Eyes on Autopilot, or in Search Mode?

CITEC psychologist investigates attention in routine tasks   

At the Cluster of Excellence Cognitive Interaction Technology (CITEC), Dr. Rebecca Förster investigates how attention works when tasks are repeated, running more or less automatically – and what happens when something suddenly changes. Her findings could be used to help develop assistive systems that are specifically tailored to their individual users.

Rebecca Förster investigates how long-term memory guides attention. As pictured here, Förster tests this out on herself by stacking cups, while eye-tracking glasses record her eye movements. Reaching for the coffee tin in the cupboard, you come up empty handed. You look around the kitchen, but it’s not on the table and it’s not on the shelf. Finally, you see it: the coffee tin is on the windowsill. “This example demonstrates how people shift their attention when familiar sequences deviate from the routine,” says Rebecca Förster, from the Neuro-cognitive Psychology working group (led by Prof. Dr. Werner Schneider).  

Building off these findings, a thinking apartment, for instance, could be developed. “If an intelligent apartment is able to provide customized support to its residents, adjusting to their changing needs and abilities, elderly people would be able to live at home for longer,” explains Förster.

Attention in Routines

At the heart of this research is the question of how attention is controlled when tasks become routine. In order to research how the brain deals with information in these types of situations, participants solve the same tasks repeatedly in the lab : they stack cups as quickly as possible in a certain sequence (so-called “speedstacking”), or click on numbers one after the next that appear on the same spot on the screen on each trial.

“During this, we record their eye movements,” says Förster. These eye movements reveal a great deal about the way a person’s attention is directed. First, their eyes search for a certain number on the screen. They find their way through the task, and learn. Once someone has completed the task 20 or 30 times, something changes. Long-term memory comes into play, and the person’s gaze is no longer in search mode. Instead, the participants think that they already know where the next number will be, and they click there directly. But Förster doesn’t make it so easy for her participants: she switches, for instance, where the numbers 3 and 6 appear on the screen. “One might expect that the study participants would look for the 6 where the 3 previously had been,” says Förster. “But this doesn’t happen.” Instead, the search begins anew, and rather than being directed by long-term memory, attention is now guided by the search mode.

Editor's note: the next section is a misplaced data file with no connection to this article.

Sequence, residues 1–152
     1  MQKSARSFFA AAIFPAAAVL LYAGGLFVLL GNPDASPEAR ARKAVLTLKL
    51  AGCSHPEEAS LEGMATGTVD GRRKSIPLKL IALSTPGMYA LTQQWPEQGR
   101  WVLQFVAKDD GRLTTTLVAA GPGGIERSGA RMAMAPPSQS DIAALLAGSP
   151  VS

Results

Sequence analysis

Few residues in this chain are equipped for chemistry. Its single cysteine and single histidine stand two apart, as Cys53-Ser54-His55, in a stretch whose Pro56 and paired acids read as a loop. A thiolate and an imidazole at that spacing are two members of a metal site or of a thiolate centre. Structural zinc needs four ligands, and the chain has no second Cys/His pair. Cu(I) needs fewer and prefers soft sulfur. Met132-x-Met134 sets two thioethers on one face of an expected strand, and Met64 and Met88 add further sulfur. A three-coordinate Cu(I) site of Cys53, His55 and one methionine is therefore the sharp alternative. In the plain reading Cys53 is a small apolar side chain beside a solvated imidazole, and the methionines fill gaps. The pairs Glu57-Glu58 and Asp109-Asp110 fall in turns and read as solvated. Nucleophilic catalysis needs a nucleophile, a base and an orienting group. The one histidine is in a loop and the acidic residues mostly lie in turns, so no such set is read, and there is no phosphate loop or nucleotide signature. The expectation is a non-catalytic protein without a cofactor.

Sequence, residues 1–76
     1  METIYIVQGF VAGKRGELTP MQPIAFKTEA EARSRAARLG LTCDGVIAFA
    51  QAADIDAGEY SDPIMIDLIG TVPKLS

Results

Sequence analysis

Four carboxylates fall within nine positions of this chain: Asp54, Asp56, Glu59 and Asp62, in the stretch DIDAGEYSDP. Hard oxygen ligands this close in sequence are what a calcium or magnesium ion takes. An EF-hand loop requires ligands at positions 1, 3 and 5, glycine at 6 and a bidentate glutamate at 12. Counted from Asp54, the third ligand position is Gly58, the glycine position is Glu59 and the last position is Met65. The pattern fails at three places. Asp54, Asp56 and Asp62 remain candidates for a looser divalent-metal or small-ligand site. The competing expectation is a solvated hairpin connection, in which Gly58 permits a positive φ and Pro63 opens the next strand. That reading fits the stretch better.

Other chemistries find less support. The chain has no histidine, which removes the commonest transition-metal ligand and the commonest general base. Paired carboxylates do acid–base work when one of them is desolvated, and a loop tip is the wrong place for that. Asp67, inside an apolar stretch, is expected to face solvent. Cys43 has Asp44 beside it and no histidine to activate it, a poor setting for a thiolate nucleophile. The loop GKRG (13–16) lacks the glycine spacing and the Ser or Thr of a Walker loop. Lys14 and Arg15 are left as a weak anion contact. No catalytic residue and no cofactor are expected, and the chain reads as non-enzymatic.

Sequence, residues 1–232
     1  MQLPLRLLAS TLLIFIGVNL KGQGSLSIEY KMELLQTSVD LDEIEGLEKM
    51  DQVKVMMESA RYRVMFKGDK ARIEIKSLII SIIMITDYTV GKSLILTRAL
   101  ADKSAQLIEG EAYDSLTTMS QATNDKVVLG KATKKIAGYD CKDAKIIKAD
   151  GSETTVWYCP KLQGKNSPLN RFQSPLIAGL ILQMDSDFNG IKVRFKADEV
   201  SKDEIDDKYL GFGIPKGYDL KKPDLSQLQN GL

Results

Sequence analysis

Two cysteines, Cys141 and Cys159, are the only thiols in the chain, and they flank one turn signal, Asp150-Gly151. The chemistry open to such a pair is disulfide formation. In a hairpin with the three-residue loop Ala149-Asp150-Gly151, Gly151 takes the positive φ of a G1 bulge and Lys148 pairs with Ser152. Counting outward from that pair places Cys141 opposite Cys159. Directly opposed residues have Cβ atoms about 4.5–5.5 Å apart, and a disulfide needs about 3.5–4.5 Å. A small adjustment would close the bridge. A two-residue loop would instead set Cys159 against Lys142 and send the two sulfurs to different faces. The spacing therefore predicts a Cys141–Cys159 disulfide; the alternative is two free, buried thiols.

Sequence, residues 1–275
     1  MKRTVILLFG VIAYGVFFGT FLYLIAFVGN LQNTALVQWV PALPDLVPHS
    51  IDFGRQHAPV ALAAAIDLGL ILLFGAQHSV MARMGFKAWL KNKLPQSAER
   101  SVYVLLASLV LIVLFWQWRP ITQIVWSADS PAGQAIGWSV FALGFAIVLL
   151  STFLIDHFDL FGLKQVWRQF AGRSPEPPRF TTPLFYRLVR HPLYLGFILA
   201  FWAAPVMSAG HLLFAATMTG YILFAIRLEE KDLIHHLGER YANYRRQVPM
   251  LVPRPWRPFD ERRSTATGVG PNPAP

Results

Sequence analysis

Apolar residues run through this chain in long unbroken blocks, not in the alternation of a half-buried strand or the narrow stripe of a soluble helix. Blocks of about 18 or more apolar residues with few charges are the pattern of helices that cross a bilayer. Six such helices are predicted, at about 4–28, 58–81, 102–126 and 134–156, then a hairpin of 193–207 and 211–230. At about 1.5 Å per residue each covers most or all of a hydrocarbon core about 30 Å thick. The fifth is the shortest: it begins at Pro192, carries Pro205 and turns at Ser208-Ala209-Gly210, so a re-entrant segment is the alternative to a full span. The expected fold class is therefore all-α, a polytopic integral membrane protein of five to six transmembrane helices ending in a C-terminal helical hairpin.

Individual Differences

Now, how can these observations be applied to assistive systems? “We know that when such systems are engaged in learning processes, they can react very sensitively to disturbances,” Förster explains. Moreover, disturbances in real-world conditions outside of the laboratory setting can never be completely avoided.

“Humans process information in very individual ways,” says Förster. “Someone might need more input, and someone else gets along better with less information.” This makes developing technology that can be very specifically tailored to the individual a challenge. Add to this the fact that everyone reacts differently. “Some deal better with information that they hear, while others react more to things they are able to see or touch. And we have to make sure that no one is overloaded with information.”

Dr. Rebecca Förster (born 1985) studied psychology and earned her doctorate in psychology at Bielefeld University. Since 2008, she has been a research associate in the Neuro-cognitive Psychology group (led by Prof. Dr. Werner Schneider), a working group at the Faculty of Psychology and Sports Science and at the CITEC.

More information is available online at:
Neuro-cognitive Psychology work unit: www.uni-bielefeld.de/psychologie/abteilung/arbeitseinheiten/01

Contact:
Dr. Rebecca Förster, Bielefeld University
Cluster of Excellence Cognitive Interaction Technology (CITEC)
Telephone: 0521 106 4503
Email: rebecca.foerster@uni-bielefeld.de

Written by: Maria Berentzen